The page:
Communities scared of losing cyclone jobs

Remote Indigenous communities slammed by two cyclones are nervous that rebuilding jobs to repair their communities will be taken by fly-in-fly-out white people.

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Residents of Galiwinku and Yirrkala in north-east Arnhem Land said they were eager to work with the mainstream community to develop skills and rebuild.

“I need to put my people to this job and push my people to work with these whitefellas,” Galiwinku resident Timmy Ganambarr told AAP.

“People need help to get up and walk with you mob together, climb this big hill together.”

Yirrkala resident Djuwalpi Marika said he wanted to build pride in the community’s economic sustainability.

“We are a passenger, we want to be a driver,” he said.

“We have so much land, we could be rich in our minerals and land, but when you look, we are in poverty, third world country.”

He said he didn’t want Centrelink handouts, but to work with government.

Minister for Indigenous Affairs Nigel Scullion has been visiting the communities this week, and he agreed.

“There is, like me, a bit of cynicism and a bit of nervousness about what has always happened in the past – that white people with nail bags and hammers get off planes, do the work and disappear,” he said from Yirrkala on Friday.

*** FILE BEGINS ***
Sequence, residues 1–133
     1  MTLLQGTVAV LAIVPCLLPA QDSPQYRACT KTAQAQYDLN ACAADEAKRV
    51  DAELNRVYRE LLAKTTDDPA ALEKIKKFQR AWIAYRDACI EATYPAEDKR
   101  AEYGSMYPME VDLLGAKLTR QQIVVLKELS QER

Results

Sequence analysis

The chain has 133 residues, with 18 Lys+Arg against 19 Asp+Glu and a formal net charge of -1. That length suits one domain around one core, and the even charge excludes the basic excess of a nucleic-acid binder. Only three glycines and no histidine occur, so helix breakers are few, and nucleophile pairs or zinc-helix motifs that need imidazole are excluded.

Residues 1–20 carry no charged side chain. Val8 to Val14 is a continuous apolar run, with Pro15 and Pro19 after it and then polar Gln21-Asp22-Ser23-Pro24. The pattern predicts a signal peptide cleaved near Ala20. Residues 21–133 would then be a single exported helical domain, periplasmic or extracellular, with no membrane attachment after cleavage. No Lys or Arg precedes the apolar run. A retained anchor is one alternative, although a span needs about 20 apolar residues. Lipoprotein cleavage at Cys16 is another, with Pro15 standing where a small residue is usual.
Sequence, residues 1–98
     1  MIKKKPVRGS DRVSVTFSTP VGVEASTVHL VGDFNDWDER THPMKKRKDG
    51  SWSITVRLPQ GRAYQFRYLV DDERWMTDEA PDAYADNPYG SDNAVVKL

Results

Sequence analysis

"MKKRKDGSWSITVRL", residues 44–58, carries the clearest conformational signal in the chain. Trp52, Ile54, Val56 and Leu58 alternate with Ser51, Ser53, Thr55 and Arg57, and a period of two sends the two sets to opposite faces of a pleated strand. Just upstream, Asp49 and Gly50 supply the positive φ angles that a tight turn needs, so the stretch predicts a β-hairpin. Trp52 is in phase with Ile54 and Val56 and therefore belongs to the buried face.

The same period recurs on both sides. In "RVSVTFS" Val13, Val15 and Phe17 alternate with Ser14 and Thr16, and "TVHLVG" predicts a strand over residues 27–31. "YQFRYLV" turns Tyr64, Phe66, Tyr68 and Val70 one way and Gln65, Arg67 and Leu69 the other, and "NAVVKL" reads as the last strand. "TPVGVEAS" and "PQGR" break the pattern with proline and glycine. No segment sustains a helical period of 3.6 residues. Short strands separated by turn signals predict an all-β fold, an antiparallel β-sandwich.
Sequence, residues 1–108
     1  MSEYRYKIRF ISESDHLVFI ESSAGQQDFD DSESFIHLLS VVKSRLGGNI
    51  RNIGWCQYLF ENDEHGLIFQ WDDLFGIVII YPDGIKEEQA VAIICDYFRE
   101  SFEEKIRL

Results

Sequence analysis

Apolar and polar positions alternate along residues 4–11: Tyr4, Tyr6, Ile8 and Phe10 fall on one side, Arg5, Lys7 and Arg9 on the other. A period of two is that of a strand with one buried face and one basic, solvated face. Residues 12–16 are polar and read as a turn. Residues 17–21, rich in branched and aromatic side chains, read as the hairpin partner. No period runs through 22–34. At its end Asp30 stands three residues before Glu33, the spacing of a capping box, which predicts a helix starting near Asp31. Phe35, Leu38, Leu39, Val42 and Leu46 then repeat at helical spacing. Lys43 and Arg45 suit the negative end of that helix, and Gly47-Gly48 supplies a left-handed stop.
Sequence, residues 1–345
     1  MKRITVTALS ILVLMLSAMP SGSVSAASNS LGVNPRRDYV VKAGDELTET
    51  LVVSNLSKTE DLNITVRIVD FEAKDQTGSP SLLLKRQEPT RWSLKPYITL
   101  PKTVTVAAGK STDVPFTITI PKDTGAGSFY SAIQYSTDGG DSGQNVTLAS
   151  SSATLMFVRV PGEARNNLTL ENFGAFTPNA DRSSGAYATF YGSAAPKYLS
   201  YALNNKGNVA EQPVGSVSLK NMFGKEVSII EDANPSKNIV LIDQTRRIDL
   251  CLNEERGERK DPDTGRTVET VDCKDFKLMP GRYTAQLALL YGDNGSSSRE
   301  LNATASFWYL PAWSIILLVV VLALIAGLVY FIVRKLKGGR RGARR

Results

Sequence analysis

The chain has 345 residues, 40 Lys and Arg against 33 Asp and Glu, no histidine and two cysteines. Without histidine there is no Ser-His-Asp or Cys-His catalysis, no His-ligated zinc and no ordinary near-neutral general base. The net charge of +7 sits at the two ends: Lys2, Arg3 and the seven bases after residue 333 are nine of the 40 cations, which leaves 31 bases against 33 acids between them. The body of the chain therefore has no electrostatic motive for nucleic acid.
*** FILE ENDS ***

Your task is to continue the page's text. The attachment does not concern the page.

“I’m here to ensure that doesn’t happen.”

He said that while building a new home took time and training, there was plenty of refurbishment work that could be mostly undertaken by locals.

“(It’s about) ensuring those people in community are front and centre; it should only be when we completely can’t find someone that we look for assistance for the job.”

While Galiwinku had suffered far greater damage from the two storms earlier this year and needed the emergency funds that have been directed there, environmental damage from both cyclones is still evident around indigenous communities near Nhulunbuy.

“We’re scared down here that one day a bigger cyclone is going to wipe us out,” renowned Yirrkala artist Banduk Marika said.

“Environmental thinkers have got to say, ‘what are we going to do to save the beach down there and the community down there?”